UK Introduces Measures to Prevent Complicity in Uyghur Abuse

UK Introduces Measures to Prevent Complicity in Uyghur Abuse
Secretary of State for Foreign affairs Dominic Raab leaves 10 Downing Street in London on April 9, 2020. (Henry Nicholls/Reuters)
Alexander Zhang

Britain on Tuesday introduced measures to prevent British organisations from being complicit in the Chinese regime’s human rights violations against Uyghurs.

“The evidence of the scale and severity of the human rights violations being perpetrated in Xinjiang against the Uyghur Muslims is now far reaching,” UK Foreign Secretary Dominic Raab said in a statement.

“Today we are announcing a range of new measures to send a clear message that these violations of human rights are unacceptable, and to safeguard UK businesses and public bodies from any involvement or linkage with them.”

The UK government will conduct a review of export controls to prevent goods that may contribute to human rights abuses from being exported to the Xinjiang region.

Home Secretary Priti Patel said that businesses and public bodies “must be more vigilant than ever before and ensure they are not inadvertently allowing forced labour in their supply chains.”

As part of the new measures, all UK public bodies will be given guidance on excluding suppliers that may have been complicit in human rights violations in Xinjiang.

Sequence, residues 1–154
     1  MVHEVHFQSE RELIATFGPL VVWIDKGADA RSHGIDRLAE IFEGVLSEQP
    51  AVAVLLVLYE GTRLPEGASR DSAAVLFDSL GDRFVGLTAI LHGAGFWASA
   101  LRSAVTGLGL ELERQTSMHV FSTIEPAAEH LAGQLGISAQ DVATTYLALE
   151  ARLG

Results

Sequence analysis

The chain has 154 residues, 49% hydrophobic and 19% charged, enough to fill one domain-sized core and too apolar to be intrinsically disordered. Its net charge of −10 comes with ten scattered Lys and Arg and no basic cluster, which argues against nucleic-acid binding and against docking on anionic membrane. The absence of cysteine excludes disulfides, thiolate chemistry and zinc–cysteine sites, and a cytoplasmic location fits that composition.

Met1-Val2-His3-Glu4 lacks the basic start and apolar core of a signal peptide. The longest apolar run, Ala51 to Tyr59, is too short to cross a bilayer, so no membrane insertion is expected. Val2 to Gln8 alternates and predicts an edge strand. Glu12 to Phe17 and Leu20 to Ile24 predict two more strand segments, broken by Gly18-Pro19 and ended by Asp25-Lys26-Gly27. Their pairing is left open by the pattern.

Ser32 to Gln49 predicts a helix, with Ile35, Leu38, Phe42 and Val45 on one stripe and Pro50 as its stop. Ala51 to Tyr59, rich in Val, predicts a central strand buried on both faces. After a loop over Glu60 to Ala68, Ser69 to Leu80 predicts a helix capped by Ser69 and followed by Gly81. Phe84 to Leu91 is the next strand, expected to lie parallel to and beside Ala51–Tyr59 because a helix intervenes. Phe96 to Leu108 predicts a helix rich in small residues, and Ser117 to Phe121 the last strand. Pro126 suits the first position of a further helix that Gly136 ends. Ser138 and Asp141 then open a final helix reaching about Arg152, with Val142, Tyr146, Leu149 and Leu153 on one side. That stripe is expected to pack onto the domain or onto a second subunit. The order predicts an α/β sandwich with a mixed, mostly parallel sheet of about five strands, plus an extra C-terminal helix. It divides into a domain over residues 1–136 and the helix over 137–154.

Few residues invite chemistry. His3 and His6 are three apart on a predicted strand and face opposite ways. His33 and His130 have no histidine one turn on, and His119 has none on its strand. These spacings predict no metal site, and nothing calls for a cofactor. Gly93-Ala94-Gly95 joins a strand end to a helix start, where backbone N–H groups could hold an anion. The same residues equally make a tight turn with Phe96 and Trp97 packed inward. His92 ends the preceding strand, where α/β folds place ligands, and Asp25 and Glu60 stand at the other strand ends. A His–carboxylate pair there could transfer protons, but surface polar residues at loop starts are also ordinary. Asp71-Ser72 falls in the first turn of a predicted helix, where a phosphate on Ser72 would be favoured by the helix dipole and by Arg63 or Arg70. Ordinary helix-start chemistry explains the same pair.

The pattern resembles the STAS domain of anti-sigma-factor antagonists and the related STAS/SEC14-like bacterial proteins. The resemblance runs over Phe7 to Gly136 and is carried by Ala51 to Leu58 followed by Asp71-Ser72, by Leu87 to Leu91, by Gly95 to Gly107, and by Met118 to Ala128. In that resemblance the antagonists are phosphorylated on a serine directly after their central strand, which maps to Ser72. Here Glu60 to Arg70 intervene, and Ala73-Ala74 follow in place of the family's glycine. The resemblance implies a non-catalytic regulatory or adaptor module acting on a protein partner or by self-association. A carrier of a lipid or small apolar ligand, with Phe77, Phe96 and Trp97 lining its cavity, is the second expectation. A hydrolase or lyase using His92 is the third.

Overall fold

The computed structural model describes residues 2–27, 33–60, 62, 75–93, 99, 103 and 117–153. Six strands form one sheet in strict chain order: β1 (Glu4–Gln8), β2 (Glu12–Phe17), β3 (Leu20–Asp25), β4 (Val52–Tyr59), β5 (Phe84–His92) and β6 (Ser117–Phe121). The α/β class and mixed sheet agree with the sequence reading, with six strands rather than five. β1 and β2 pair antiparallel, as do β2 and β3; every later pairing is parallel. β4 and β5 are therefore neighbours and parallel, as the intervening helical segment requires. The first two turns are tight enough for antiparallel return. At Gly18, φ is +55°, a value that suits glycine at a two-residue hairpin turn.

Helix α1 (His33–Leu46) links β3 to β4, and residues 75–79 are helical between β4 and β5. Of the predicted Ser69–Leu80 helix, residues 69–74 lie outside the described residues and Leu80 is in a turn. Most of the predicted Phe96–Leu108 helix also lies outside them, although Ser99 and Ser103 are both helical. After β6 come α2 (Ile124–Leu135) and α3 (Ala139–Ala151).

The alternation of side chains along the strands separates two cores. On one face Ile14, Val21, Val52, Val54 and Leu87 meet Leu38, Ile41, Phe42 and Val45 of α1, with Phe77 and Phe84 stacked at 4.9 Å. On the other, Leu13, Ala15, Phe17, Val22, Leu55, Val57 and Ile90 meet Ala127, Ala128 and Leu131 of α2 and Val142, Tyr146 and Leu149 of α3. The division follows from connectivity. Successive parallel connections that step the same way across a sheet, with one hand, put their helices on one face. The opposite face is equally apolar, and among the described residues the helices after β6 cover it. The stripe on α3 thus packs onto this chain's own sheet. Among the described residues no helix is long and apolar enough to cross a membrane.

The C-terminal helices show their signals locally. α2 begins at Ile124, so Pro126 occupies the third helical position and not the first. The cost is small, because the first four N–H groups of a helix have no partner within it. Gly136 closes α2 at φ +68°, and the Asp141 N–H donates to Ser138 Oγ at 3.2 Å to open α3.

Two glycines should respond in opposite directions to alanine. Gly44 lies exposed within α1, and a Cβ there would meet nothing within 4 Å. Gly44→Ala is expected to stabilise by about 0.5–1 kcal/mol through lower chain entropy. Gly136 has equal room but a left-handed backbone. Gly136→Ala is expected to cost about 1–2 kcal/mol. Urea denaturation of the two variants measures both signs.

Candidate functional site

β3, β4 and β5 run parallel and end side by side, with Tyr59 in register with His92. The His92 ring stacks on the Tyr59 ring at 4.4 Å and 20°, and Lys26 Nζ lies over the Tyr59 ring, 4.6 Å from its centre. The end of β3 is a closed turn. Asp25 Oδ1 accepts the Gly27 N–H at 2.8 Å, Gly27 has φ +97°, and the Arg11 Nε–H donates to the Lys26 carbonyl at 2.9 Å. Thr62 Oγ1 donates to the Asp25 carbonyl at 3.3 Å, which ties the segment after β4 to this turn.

The government will also provide detailed guidance to UK businesses, informing them of the risks associated with maintaining commercial links to Xinjiang.

In addition, financial penalties will be introduced for businesses that fail to meet their obligations to publish annual modern slavery statements, under the Modern Slavery Act.

“Forced labour, anywhere in the world, is unacceptable,” International Trade Secretary Liz Truss said.

“This government wants to work with businesses to support responsible practices, and ensure British consumers are not unwittingly buying products that support the cruelty we are witnessing against the Uyghurs and other minorities in Xinjiang.”

But the main opposition Labour Party said the foreign secretary’s words “are not matched by the strength of his actions.”

Lisa Nandy, Labour’s shadow foreign secretary, said the Conservative government had “trailed long-awaited sanctions” on Chinese officials responsible for abuses in Xinjiang for months.

Iain Duncan Smith, a former leader of the Conservative Party, welcomed Raab’s announcement, but said Magnitsky sanctions should have been included in the measures.

The United States has already imposed sanctions on four Chinese officials involved in human rights abuses against Uyghurs, including the Xinjiang region’s Party Secretary Chen Quanguo, who is a member of the Chinese Communist Party’s powerful Politburo.
In July 2000, the UK government introduced new sanctions to target individuals involved in human rights abuses or organised crime. But it has not used the new policy tool to target Chinese officials despite calls for it to do so from lawmakers from both the ruling and opposition parties.
Lily Zhou contributed to this report.